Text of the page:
How to use DaVinci Resolve
DaVinciResolve is an NLE and color correction software. It’s compatible with macOS, Windows, and Linux. It is widely known as one of the most powerful video editing programs available and is a major player in post-production. It is being compared with Final Cut Pro and Adobe Premiere Pro. This software has been used by professionals editors and colorists who work on TV and movies such as Star Wars, The Last Jedi, Bohemian Rhapsody, and Jurassic Park. Vloggers and Content Creators love this software.
DaVinci Resolve was created as a color correction tool and color grading software. This software is well-known. The latest version includes advanced video editing features that make it an outstanding video editing software.
DaVinci Resolve offers a free version that has limited functionality, but it can do all the basic functions of a top-level video editing program. The price for the paid version, known as DaVinci Resolve Studios, is 299 USD once purchased.
Let’s get into the DaVinci Resolve Software. Although it might look intimidating to beginners, the software is very simple and well-organized. DaVinci has (7) seven panels / tabs / page. The image shows several icons at its bottom. It was designed by DaVinci in such a way that it follows the post-production pipeline. It will display different interfaces for each tab when you click on them. Let me get into it.
1 – Media Tab
This tab is where all your files will be displayed. Importing files from any tab can be done. The file will then be saved to the Media Tab. It acts as your software library. You can also add information to each file in Media Tab. You can add additional information to each file, such as description, comments, keywords, people, shots, and so on. These metadata are known as metadata. DaVinci has the Power Bins and Smart Bins. (lower-left corner). These serve as filters to organize your files.
A smart bin can be created with filtered instructions that are based on metadata. You can create a smart bin that filters for 24 frames per second (frames per second) and it will automatically place your 24 fps videos in that folder. It makes it easier to find files and organizes everything. This is especially useful if you are working on large projects.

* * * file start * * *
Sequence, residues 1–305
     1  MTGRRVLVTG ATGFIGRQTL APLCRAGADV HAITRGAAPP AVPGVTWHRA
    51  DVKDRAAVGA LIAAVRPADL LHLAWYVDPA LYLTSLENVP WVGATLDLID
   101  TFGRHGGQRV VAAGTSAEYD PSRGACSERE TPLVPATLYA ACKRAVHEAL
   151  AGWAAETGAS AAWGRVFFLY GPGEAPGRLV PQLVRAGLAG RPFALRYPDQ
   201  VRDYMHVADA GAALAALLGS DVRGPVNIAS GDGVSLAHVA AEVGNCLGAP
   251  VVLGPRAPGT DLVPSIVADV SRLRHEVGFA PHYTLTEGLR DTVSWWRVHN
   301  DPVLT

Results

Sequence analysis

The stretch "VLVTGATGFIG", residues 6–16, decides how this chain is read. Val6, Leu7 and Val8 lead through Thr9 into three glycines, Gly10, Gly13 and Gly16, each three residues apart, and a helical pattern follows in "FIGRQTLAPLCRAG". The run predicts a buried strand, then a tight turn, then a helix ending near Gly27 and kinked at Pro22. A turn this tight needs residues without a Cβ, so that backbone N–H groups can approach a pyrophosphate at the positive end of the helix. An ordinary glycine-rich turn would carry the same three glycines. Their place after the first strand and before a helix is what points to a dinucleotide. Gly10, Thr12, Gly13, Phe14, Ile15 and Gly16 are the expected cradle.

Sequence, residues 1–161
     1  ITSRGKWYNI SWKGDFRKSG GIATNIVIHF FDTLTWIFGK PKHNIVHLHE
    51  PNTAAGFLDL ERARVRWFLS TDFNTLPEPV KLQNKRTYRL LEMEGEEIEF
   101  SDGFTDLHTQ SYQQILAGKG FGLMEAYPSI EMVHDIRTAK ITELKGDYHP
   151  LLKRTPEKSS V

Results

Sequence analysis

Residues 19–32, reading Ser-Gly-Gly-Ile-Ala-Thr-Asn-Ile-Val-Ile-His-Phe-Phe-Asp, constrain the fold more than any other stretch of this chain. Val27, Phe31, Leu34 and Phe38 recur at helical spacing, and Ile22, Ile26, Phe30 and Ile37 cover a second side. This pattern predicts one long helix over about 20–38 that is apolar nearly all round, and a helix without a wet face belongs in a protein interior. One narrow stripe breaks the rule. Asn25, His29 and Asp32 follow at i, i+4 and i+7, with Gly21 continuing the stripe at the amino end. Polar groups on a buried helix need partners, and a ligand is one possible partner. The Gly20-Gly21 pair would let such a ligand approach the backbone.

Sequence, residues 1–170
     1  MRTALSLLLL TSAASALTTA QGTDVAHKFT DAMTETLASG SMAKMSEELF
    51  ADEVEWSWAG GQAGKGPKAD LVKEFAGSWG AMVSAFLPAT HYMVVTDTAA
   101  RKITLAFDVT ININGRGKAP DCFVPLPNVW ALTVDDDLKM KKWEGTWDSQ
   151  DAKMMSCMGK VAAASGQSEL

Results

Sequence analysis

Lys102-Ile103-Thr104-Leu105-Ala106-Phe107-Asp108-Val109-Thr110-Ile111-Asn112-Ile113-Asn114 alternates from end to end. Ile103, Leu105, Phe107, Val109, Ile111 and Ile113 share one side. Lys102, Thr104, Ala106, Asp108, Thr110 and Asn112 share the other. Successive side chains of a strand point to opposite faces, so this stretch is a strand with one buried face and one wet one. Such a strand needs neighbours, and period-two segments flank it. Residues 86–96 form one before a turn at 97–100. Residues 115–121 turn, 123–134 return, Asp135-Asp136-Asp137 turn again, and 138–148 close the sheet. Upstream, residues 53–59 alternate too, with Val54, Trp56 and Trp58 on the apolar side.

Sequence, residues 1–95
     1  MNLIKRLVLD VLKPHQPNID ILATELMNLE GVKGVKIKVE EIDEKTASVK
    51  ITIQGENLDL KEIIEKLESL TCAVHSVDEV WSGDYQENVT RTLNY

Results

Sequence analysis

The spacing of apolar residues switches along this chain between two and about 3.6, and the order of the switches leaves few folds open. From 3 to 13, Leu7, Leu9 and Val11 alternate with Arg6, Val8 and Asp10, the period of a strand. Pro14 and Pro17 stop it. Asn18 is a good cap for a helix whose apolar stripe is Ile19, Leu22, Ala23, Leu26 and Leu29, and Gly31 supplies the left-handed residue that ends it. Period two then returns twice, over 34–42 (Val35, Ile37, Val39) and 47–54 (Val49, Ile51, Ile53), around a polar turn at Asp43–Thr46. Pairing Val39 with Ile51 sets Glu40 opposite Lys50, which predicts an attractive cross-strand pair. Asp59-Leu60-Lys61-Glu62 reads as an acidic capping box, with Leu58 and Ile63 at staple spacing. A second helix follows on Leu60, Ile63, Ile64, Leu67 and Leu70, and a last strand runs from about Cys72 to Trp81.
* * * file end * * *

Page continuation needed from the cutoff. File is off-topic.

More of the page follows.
2 – Cut Tab
Here you will make your first edits, cut and put your videos together. Source Tape is an option. (See image below)
Source Tape allows you to view all your videos as if they were one single video. You can simply scroll through all of your videos on the source panel (larger screen, right side), find clips you want, and then place them on the timeline.
3 – Edit Tab
Once you have all the pieces together on the Cut Tab you can edit the scene settings, position, and opacity. You can also edit text, transitions, and texts if any. Here you can refine your edits. This tab can be used to add music, subtitles, and 3D title templates. You can also add keyframes.
4 – Fusion Tab
You can use this tool to create realistic visual effects, 2D or 3D titles, and motion graphics in your video. You can also remove unwanted elements from your video, erase trees or people, and add a new element. DaVinci tracks movement so that you can rotoscope the video frame-by-frame. With particles that can move in 3D space, you can create mist and fog, fire, or any other element. Advanced editing and compositing are possible here.
5 – Color Tab
This tab will contain all color adjustments, as its name implies. All features related to color adjustments can be found in the Color Tab. This tab includes all elements that are part of the project edit tab. There are three types of color wheels: curves, panels, and colors.
Color Correction: Adapting colors to match film or screen standards, and making it as true to life as possible.
Color Grading – Modify colors to convey a message, emotion, or moment.
Color Wheel allows you to adjust your YRGB and contrast, saturation, hues, temp, tint, and saturation. By using window panel, you can limit the number of adjustments to your video. Curves intensify each RGB color or overall light. It is similar to masking. It can be used to change the color of your lips, skin, etc. DaVinci offers a variety of color adjustment tools as well as a complete HDR image processing, grading, and grading feature set. You can use formats like Dolby Vision, Hybrid Log-Gamma and many more.
6 – Fairlight Tab
This is the Digital Audio Workstation, or DAW, that the software includes. Here you can adjust audio and other sound effects. Normalize your audio levels. You can record in real-time, and it allows for precise editing and synchronization. It also has a comprehensive metering feature. It also has an internal sound library that contains over 1000 audio clips.
7 Deliver Tab
This is the final step. This is where you can export your video in many different formats. There are presets that can export to YouTube, Vimeo and ProRes. You can also export your project to a new timeline using another software like Final Cut Pro, Adobe Premiere Pro or Avid. DaVinci supports almost all file formats and is compatible with most devices and media.
These tabs are all connected so that if you make a change on the edit tab it will also be synchronized on the cut tab and the fusion tab. DaVinci Resolve is a cross-platform software that has multiple software linked together. This makes it a powerful post-production machine.